There's an exercise that I've been teaching in our workshops lately, based off of similar exercises from the theatrical discipline of clown, and that currently has the unassuming title of "Positive Reinforcement." A volunteer from the class is taken out of the room. Within the room, the audience is told that the volunteer, upon returning to the room, will have a set time limit to accomplish a simple but atypical task--for example, placing a chair atop a table and then sitting beneath the table. The volunteer will be guided to do this based solely on the feedback they receive from the audience, and the only feedback the audience may give is (a) applause, if the volunteer is doing something that brings them closer to the completed task or (b) silence, if the volunteer is not closer to their task. It's non-verbal "hot and cold."

The exercise is designed to do several things: one, it joins the whole room together in the attempt to collectively accomplish the task; two, it encourages active listening on the part of the volunteer and also within the audience as they work to arrive at the same set of directions; and three; it fosters a scenario where negative feedback is strictly verboten.

That third part is key. The silence is simultaneously the communication that something isn't going right and it is the space in which to strategize how that changes. In rooms where No is commonplace the adrenal gland responds first, pipes in with Fight or Flight, with "screw you" or "you're right I'll shut up now." And then some minutes later, somebody will realize that there's still a matter at hand. In the silence, in this exercise, you watch the volunteer experiment and make leaps of intuition, unhindered by the baggage of criticism.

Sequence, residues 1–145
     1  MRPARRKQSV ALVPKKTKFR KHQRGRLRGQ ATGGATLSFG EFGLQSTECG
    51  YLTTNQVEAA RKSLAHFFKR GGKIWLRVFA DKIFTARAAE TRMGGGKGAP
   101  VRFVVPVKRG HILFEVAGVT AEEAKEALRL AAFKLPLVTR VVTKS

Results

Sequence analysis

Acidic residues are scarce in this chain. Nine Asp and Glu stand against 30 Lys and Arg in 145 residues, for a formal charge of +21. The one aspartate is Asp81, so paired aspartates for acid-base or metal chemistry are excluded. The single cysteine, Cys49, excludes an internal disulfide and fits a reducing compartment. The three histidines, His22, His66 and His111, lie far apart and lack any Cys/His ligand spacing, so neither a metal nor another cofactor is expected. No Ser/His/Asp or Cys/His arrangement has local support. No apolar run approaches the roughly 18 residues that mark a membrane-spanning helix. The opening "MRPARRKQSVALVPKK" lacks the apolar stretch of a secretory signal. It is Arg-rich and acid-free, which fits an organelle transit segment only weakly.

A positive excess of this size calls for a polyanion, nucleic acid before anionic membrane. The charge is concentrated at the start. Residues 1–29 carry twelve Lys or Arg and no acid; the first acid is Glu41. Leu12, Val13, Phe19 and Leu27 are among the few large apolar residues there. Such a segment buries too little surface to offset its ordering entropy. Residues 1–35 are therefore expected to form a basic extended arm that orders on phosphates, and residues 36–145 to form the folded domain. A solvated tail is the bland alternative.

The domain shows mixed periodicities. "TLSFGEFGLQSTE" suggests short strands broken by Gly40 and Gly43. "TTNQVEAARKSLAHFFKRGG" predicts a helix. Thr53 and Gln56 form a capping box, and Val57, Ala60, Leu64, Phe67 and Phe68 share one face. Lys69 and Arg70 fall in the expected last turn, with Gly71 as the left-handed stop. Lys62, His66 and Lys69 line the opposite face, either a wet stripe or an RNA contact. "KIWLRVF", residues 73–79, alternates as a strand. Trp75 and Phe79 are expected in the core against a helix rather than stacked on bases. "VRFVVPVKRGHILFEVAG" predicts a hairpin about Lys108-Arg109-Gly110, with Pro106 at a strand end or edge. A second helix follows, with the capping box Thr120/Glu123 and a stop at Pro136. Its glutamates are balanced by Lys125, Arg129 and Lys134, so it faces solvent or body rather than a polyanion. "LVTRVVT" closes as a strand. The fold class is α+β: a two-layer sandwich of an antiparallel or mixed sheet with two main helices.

So the critic, as ever, is me; I am the one making too much goddamned noise. I am denying as loudly as is possible without actually achieving audible vocal the worth of my work; I am consumed of a notion that a world that can accept the trappings of my imagination is a world with something deeply wrong with it. I recognize that these strange and persistent and wrongheaded fantasies of being struck by speeding vehicles, of stepping from tall places into the pitiless and clumsy arms of gravity; that these are not made of any desire to stop living but are instead extreme manifestations of impact...of a need to be propelled violently, albeit briefly, into a place of true quiet. This is not a noise that you drown with better noise and this is not a noise you can hide from or keep at a distance. It is a noise that must be dispelled and before it can be dispelled it must be named.
It's name is not, however, block.
The irony, I suspect, is that in order to end this noise I must in fact craft a name for it.
It is a conundrum, I conclude. Perhaps I should begin.
And then I do.
  • Current Music
    Tom Waits, "Time"
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Gone in 60 seconds.